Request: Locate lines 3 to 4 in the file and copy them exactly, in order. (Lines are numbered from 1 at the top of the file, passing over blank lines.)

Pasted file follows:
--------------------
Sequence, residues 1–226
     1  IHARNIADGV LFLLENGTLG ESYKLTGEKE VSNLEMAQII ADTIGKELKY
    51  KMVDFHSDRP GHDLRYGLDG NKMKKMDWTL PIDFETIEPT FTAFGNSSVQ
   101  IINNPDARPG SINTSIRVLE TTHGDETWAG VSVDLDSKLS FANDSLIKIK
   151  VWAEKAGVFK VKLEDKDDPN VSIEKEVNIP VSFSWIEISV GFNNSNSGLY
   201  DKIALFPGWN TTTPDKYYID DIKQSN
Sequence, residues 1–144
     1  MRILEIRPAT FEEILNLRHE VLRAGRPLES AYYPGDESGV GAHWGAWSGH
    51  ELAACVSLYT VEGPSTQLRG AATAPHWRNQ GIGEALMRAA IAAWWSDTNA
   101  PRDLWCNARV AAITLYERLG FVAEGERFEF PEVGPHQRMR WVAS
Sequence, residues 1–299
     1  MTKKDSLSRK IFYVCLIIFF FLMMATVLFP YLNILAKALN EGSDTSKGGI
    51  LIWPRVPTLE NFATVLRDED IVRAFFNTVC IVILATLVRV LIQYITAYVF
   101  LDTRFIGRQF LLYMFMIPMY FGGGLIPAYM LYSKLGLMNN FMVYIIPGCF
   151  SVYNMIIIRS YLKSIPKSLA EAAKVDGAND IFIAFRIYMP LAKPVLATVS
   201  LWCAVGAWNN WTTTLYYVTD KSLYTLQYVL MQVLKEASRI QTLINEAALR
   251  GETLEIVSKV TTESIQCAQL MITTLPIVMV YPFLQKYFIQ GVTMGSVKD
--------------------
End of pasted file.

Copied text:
    51  KMVDFHSDRP GHDLRYGLDG NKMKKMDWTL PIDFETIEPT FTAFGNSSVQ
   101  IINNPDARPG SINTSIRVLE TTHGDETWAG VSVDLDSKLS FANDSLIKIK